Thursday, January 08, 2009

A Clearing In the Wild

'Some say that love's enough to stave off suffering and loss, but I would disagree. Quietly, of course. Words of dissent aren't welcome in our colony, especially words from women. I should have learned these lessons-about dissent and love-early on before I turned eighteen. But teachings about spirit and kinship require repetition before becoming threads strong enough to weave into life's fabric, strong enough to overcome the weaker strains of human nature. It was a strenght I found I'd need one day to face what love could not stave off.'
First paragraph in A Clearing in the Wild by Jane Kirkpatrick

This is the story of Emma Wagner Geisy, a young wife in the mid 1800's who has been raised in a communal colony in Bethel, Missouri. Emma has married an older man, a pillar of the colony, against their leaders wishes. The leader chooses to send Emma's husband, Christian, off as the leader of the scouts to find a new God-chosen place to move their colony, away from worldly ways. Ever defiant Emma is sent along to Oregon territory as punishement for her outspoken ways. The scout troop settles in what is now Washington state, making way for the rest of the colony to arrive. Emma becomes her own person during this journey, learning to support her husband along the way.
Jane Kirkpatrick has taken real people and with the gift of a wonderful storyteller, brought them to life again in a way that their stories will not be forgotten. She is absolutely one of my all-time favorite authors and I will definately be running to the bookstore for the 2nd and 3rd novels in this Change and Cherish series.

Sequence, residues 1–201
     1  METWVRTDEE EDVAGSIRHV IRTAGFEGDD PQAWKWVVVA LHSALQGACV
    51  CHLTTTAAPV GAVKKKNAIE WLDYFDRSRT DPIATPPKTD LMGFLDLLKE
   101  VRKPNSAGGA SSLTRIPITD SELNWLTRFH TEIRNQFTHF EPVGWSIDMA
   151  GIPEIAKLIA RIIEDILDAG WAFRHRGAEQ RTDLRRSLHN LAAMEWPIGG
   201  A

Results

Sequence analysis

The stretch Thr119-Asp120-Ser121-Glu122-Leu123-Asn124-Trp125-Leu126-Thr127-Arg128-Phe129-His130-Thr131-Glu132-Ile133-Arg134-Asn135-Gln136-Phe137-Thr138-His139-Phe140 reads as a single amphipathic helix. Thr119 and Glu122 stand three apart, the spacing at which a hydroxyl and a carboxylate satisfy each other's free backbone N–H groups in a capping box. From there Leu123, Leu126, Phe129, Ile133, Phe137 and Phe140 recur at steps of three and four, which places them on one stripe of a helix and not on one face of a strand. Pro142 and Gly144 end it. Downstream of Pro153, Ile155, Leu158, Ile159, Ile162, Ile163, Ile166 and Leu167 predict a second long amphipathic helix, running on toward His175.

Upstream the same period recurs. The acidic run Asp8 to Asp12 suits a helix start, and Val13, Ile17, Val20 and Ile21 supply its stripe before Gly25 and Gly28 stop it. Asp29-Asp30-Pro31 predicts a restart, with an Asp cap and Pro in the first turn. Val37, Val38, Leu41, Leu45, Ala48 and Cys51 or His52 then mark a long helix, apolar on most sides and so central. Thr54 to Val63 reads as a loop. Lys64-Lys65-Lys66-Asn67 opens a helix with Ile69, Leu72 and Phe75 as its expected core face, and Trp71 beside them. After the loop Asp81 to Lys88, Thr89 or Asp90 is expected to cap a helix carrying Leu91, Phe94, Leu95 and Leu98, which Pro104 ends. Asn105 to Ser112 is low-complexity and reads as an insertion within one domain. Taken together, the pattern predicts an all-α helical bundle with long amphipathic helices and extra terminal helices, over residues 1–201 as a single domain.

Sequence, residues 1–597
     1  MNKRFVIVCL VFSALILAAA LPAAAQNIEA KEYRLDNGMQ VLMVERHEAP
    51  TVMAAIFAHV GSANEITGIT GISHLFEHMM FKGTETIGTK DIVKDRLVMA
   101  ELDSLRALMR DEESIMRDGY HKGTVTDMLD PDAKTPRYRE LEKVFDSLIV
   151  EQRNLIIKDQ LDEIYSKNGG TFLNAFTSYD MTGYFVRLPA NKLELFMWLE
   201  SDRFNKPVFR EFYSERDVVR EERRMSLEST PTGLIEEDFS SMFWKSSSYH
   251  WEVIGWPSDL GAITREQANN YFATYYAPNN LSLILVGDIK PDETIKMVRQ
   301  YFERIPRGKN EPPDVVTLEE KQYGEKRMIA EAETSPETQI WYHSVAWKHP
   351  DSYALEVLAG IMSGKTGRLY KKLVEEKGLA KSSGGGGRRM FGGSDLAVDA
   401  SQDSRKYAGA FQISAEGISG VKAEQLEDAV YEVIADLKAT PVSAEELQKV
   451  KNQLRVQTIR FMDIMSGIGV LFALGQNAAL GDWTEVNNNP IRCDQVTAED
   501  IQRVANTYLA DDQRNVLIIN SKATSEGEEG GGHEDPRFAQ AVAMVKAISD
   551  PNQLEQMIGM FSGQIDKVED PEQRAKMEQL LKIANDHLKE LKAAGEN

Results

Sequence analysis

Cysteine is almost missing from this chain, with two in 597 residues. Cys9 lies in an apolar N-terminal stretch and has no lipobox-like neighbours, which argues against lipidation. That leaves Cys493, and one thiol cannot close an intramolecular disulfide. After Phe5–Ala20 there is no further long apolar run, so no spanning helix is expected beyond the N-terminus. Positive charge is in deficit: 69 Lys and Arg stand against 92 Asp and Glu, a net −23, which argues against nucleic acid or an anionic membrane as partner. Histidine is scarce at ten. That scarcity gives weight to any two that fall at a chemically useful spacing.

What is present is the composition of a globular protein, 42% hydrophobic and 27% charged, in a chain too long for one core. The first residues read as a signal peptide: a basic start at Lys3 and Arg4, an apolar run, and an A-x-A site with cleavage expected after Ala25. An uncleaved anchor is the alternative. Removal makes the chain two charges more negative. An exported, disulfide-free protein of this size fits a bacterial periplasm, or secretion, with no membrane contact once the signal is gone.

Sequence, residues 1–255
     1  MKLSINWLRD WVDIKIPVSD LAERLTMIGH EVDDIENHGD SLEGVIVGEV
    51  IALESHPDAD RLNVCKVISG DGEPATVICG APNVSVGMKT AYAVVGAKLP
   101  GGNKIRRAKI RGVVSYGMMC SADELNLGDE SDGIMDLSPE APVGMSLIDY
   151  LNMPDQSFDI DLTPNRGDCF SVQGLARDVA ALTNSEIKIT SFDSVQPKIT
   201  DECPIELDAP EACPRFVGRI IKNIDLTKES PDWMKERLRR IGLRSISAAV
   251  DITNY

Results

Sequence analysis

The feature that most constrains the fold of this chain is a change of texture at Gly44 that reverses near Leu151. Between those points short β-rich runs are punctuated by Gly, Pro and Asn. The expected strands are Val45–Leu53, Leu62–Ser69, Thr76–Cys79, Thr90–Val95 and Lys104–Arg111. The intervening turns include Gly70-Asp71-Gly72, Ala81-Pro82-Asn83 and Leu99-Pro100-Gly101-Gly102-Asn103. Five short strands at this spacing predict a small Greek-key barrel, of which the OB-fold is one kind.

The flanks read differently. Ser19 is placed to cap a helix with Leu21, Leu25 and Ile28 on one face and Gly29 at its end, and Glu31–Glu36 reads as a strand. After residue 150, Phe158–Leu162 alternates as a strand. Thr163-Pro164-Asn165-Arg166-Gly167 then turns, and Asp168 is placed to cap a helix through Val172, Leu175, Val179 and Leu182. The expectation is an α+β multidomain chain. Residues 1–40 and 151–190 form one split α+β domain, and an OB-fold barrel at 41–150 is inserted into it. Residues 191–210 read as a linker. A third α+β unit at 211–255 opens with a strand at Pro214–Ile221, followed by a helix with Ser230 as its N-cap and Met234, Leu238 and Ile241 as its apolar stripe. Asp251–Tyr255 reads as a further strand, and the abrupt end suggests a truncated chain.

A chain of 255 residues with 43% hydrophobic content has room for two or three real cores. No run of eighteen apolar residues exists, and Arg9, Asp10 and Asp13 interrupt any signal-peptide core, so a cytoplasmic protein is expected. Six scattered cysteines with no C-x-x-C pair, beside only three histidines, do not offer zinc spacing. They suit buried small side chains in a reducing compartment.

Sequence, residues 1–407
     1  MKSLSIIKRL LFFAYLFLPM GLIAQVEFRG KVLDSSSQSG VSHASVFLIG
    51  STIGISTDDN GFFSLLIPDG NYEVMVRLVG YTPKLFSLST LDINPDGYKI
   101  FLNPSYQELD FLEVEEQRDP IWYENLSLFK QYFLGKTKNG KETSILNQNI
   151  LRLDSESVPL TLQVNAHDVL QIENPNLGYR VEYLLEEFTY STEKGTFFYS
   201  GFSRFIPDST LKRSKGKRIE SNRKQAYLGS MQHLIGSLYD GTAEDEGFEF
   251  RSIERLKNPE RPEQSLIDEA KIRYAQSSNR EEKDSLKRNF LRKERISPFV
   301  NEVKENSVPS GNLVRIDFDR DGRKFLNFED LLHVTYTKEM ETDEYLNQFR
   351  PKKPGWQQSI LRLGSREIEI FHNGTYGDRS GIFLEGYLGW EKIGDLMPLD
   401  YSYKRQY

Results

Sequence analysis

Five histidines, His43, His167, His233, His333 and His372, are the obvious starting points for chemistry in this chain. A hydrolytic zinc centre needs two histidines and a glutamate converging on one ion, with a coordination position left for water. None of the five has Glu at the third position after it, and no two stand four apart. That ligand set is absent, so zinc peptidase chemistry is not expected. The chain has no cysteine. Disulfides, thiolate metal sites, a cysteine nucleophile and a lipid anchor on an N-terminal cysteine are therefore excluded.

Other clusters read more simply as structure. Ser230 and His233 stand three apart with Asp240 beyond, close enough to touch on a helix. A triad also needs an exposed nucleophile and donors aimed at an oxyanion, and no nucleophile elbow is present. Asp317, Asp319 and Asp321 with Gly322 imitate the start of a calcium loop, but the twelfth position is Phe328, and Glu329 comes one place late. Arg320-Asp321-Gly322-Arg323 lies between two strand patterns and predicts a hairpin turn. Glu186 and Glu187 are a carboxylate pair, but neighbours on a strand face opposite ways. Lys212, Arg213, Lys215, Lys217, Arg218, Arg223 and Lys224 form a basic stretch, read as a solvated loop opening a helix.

This story takes place right across the Columbia River from our home. One of my favorite passages in the book is about our crazy coastal winters. Here Emma is trying to convince her husband to stay in the land they have chosen:

'"It isn't disloyal to follow your heart," I said. "Karl didn't go with Wilhelm to Portland because he believes there is something here worth staying for. Everything about it here, except the rainy winters, is an Eden. We'd appreciate the blooms and beauty less if we had nothing to contrast it with, and therein lies the joy of the rainy winter months, the dark heavy clouds that shadow our days and promise sunshine in due time. I never thought I'd say such a thing, but I mean it, Christian. I do."


Blogger Mary said...


This looks like a great book. I have never read anything by this author but will see if there is anything available.

Thanks so much for sharing.

8:05 PM  

Post a Comment

Subscribe to Post Comments [Atom]

<< Home